Today, however, turmeric has gained popularity more for its medicinal uses than its usefulness in the kitchen. A staple herb in Ayurvedic medicine, modern researchers are now rediscovering the therapeutic applications of this nifty herb.
In a recent study, a researcher from India discussed the beneficial effects of curcumin, the main active component of turmeric, that have been reported by several studies. This review was published in the International Journal of Herbal Medicine.
Turmeric's long history of use as a natural medicine dates back nearly 4,000 years. In India, an Ayurvedic compendium that can be traced back to 250 BC recommends the use of turmeric for treating the effects of food poisoning. Turmeric is also used to restore physical energy, dispel worms, improve digestion, regulate menstruation, dissolve gallstones and relieve arthritis.
In countries like Afghanistan and Pakistan, folk healers use turmeric to reduce inflammation and soothe gastrointestinal discomfort caused by digestive disorders, such as irritable bowel syndrome. Turmeric has also found use as a cleansing agent for wounds. In some parts of Bangladesh, India and Pakistan, turmeric paste is applied to the skin of brides and grooms before marriage because it is believed to fight bacterial infections and make the skin glow.
The use of turmeric to treat respiratory conditions like asthma, bronchial hyperactivity and allergy, is also well-documented. In addition, turmeric is said to be effective for liver disorders, rheumatism, diabetic wounds, cough and sinusitis. Meanwhile, in Traditional Chinese Medicine (TCM), ayurvedic is known as a medicine for conditions that affect the digestive system. When mixed with milk or water, the herb is also good for colds and sore throats.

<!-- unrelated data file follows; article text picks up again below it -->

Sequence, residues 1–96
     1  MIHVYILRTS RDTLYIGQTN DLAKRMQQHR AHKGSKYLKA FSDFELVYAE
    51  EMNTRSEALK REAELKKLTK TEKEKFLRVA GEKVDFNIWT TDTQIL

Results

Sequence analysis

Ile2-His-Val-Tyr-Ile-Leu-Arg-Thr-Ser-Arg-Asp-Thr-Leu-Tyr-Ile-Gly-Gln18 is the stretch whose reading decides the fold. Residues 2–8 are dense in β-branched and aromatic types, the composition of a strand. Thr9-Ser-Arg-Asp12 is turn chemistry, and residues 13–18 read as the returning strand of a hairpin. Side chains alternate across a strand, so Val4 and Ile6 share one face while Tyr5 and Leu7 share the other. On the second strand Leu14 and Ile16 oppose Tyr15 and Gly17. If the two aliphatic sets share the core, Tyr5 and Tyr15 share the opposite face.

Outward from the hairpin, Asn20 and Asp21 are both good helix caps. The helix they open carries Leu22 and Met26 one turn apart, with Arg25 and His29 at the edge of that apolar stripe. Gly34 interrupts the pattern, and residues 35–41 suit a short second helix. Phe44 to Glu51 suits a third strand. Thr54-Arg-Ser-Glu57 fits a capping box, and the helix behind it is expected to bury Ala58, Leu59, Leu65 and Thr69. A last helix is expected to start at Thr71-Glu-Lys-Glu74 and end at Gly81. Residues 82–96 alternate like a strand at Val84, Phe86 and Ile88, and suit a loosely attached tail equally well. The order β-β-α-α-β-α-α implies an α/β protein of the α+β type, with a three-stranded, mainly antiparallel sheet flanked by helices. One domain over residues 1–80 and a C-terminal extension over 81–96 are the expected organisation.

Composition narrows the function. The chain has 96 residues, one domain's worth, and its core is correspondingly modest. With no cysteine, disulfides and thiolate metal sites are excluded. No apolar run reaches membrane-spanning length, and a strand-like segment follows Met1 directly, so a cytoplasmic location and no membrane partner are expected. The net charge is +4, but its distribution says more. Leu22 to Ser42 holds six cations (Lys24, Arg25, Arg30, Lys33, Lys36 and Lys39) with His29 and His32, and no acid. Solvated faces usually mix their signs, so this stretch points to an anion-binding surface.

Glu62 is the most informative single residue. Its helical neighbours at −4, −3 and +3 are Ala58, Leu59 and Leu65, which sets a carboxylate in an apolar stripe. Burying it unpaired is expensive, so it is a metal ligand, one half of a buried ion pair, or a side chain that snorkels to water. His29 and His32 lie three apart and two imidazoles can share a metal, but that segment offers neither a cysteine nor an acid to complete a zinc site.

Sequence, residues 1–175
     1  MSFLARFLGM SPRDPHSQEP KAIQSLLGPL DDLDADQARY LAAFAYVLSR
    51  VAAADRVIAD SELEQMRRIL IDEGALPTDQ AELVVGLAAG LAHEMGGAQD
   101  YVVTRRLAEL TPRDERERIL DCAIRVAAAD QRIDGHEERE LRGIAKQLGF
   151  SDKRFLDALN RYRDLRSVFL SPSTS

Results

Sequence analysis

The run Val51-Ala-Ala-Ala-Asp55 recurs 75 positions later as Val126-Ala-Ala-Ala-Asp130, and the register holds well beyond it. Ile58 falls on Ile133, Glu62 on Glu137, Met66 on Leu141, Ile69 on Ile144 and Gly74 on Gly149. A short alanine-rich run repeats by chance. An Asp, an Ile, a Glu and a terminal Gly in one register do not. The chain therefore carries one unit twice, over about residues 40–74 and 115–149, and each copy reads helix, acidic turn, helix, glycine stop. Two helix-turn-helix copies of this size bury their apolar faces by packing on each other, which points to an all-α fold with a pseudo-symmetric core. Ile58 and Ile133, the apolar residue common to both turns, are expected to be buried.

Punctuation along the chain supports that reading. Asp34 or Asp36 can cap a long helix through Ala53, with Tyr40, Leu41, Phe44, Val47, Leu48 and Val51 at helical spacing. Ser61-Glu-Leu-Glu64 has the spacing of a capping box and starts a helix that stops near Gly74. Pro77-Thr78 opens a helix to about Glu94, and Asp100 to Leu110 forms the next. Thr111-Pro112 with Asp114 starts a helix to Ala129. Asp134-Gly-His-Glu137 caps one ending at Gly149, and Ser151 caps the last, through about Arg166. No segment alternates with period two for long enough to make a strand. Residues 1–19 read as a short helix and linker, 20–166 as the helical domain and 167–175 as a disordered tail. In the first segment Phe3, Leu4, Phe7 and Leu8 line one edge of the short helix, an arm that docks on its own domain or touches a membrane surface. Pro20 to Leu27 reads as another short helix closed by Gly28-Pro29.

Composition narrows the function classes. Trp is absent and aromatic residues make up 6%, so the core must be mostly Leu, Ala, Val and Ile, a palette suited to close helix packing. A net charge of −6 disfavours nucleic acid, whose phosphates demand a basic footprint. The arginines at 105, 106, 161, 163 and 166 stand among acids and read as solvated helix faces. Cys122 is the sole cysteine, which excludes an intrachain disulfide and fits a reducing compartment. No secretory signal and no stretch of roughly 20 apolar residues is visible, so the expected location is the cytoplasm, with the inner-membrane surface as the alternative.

It is well-known that the medicinal properties of turmeric, a member of the ginger (Zingiberaceae) family, comes from its active component, curcumin. A phenolic compound found in the herb's roots, curcumin, along with two other curcuminoids -- demethoxycurcumin and bisdemethoxycurcumin -- is responsible for turmeric's yellow color.
According to numerous studies conducted over the last few years, curcumin possesses plenty of pharmacological properties, including antioxidant, anti-inflammatory, anti-carcinogenic, antimicrobial, neuroprotective, cardioprotective, anti-diabetic, wound-healing and immunomodulatory activities. These properties allow curcumin to exert a wide variety of beneficial effects on human health and prove useful in preventing chronic diseases.
Research suggests that curcumin from turmeric works by modulating the activities of several important molecular targets, such as transcription factors, growth factors, cytokines and proteins involved in the cell cycle. Extensive epidemiological, clinical and animal studies have elucidated many of the molecular mechanisms underlying curcumin's biological effects.
Because of their medicinal properties, many researchers support the use of natural products like curcumin either as a pure compound or an extract in pharmaceutical preparations.
Here are some of the science-backed health benefits associated with curcumin: (h/t to Healthline.com)
Curcumin is a powerful compound that can treat a variety of diseases. However, you'd need to eat large amounts of turmeric to experience its health benefits. Fortunately, you can now purchase turmeric or curcumin supplements from health food stores. These supplements contain high concentrations of curcumin and may also contain piperine, a compound from black pepper that increases the bioavailability of curcumin.
For more stories about turmeric and curcumin, visit Turmeric.news.